Kenya is a youthful country. According to the latest census report, 73 percent of Kenya’s population is below 35. For a country to be youthful it is a good thing, but for it to have a huge unemployed youthful population, it loses the meaning and the pride of being “youthful.”
The truth is there is a huge job gap in Kenya. The job market in the country is saturated with young men and women looking for jobs that are hard to come by. Every year, institutions of higher learning in Kenya are emitting thousands of graduates in a saturated market with minimum hope of new jobs coming up. The worry of every Kenyan graduate is how to find a job.
It gets worse when you consider the vast majority of the youth have not attained post-high school qualifications.
Unemployment has been the reason so many young people in Kenya have been running into depression. In 2017, the World Health Organization (WHO) put Kenya at number 88 in terms of depression.
The overall suicide rate came in at 10.28 in every 100,00 people each year. Male suicide rate stood at 16.65 per 100,000 while women suicide rate was at 4.40 per 100,000 people.
The unemployment rate was cited as the main reason behind the rising cases of depression and suicides.
The World Bank, in its report in 2019, said that Kenya should create at least 900,000 jobs annually to deal with the unemployment crisis between 2019 and 2025. The report indicated that the rate of unemployment is likely to rise as youthful individuals are entering a squeezed job market every year.
By the year 2025, the World Bank projected that at least 9,000,000 Kenyans would have joined the job market. The rise of such magnitude would put too much pressure on the already saturated market. Sadly, the government is doing little to put in place mechanisms and programs that are tailored towards creating more job opportunities for Kenyans.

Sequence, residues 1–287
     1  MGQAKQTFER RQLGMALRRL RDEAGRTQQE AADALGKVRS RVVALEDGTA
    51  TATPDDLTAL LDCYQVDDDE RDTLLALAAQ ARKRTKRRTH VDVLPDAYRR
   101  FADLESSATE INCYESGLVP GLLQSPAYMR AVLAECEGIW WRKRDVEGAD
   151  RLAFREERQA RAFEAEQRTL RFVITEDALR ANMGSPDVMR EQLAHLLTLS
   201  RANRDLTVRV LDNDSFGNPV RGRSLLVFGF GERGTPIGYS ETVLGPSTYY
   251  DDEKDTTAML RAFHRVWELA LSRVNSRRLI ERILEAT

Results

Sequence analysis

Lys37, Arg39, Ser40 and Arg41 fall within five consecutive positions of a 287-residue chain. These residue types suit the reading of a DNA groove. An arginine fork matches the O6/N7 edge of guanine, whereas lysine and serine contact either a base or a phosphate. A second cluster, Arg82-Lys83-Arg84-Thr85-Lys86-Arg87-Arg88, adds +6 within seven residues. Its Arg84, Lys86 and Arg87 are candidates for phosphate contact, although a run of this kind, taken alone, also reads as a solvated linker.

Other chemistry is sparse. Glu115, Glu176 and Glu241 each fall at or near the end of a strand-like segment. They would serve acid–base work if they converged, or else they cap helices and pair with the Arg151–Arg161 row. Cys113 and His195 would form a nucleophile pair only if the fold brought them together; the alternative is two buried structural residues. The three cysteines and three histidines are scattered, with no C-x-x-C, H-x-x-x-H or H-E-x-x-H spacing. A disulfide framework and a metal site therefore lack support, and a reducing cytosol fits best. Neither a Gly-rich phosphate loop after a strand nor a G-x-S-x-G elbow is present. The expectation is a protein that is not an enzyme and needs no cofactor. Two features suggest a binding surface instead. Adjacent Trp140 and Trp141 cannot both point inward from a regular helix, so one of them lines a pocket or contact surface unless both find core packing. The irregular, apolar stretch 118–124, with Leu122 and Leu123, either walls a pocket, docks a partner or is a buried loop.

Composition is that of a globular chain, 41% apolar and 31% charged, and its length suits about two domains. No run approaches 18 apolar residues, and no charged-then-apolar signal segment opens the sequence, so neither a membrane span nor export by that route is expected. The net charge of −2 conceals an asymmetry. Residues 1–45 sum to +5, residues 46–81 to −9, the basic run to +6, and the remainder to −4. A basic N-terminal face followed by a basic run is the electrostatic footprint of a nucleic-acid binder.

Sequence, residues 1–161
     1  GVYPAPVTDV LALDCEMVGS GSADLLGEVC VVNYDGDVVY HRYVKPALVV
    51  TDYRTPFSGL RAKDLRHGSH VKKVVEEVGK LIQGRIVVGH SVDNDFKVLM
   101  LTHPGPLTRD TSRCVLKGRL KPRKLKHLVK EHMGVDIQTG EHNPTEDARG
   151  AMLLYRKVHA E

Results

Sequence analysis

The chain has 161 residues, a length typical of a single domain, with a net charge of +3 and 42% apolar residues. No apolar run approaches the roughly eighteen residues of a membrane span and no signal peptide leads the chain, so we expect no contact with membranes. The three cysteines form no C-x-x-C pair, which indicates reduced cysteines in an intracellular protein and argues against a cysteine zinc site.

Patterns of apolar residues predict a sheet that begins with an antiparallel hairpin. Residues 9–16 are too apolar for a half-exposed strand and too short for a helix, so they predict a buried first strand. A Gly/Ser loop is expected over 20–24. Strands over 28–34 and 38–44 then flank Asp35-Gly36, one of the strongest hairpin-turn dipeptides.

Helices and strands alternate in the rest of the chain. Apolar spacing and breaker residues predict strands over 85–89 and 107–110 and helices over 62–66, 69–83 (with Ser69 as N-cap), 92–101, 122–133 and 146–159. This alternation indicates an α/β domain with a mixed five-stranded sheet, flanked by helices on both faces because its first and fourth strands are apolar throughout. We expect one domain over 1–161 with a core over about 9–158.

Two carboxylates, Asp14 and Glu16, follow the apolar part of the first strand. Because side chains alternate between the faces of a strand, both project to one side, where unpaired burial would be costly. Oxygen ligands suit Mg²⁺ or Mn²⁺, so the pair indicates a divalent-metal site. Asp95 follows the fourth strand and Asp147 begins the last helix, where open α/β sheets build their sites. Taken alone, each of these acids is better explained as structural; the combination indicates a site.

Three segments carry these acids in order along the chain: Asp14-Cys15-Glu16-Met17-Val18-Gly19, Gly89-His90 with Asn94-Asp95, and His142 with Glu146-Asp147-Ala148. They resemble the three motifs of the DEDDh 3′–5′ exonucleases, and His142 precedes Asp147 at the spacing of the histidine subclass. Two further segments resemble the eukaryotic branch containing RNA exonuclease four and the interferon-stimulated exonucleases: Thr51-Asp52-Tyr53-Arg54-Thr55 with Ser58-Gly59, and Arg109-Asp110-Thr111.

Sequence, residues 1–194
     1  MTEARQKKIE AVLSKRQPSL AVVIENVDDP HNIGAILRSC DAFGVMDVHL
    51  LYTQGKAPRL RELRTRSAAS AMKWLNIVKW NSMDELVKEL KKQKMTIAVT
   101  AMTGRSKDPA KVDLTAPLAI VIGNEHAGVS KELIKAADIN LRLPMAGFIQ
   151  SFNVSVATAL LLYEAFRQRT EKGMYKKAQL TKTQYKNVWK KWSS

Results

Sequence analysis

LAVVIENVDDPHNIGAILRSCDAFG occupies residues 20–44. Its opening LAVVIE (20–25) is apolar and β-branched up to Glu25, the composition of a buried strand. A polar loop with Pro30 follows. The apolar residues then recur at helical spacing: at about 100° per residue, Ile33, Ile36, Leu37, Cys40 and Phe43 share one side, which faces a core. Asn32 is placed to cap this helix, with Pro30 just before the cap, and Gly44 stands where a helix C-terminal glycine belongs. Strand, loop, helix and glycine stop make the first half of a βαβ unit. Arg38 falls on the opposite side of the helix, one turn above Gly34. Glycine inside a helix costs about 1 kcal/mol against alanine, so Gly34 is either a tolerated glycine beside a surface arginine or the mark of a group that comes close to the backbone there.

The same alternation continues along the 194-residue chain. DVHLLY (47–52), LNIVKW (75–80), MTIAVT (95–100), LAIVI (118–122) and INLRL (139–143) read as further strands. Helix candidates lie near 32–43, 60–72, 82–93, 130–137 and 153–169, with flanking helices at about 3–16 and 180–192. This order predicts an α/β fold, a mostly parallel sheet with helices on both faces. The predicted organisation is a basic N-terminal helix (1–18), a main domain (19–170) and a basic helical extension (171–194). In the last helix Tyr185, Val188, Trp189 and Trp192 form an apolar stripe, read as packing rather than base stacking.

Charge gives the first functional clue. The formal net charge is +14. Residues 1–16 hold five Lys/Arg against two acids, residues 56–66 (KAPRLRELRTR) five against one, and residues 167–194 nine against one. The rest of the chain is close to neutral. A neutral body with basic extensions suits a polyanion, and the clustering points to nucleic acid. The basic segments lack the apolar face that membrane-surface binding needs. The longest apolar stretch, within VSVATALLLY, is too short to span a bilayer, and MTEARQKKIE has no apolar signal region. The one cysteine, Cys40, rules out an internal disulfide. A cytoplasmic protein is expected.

Many young people who come out of institutions of learning in Kenya often choose to try their luck in small-medium enterprises (SME). The SME sector has, for years, been the backbone of Kenya’s economy. The sector employs 86 percent of Kenyans and contributes about 45.5 percent to Kenya’s gross domestic product (GDP).
Despite the fact that the whole economy of Kenya has been thriving on the wheels of SME, the sector faces a myriad of challenges that have led to millions of them shutting down. In a period of five years to 2016, at least 2.2 million SMEs had shut down according to statistics from the Kenya National Bureau of Statistics (KNBS).
This means that at least 450,000 SMEs were shutting down businesses in Kenya each year, translating to 30,000 monthly and 1,000 daily. Ironically, an average of 1,000 businesses are registering in Kenya daily too. But there lacks the sustainability of the same.
Covid-19 has made things worse for the SME sector in Kenya. Most of them have shut down and millions of Kenyans have been rendered jobless. Stats by KNBS showed that Kenya’s unemployment rate had grown two times between the month of April and that of June with 1,716,604 Kenyans losing their jobs in the face of the Covid-19.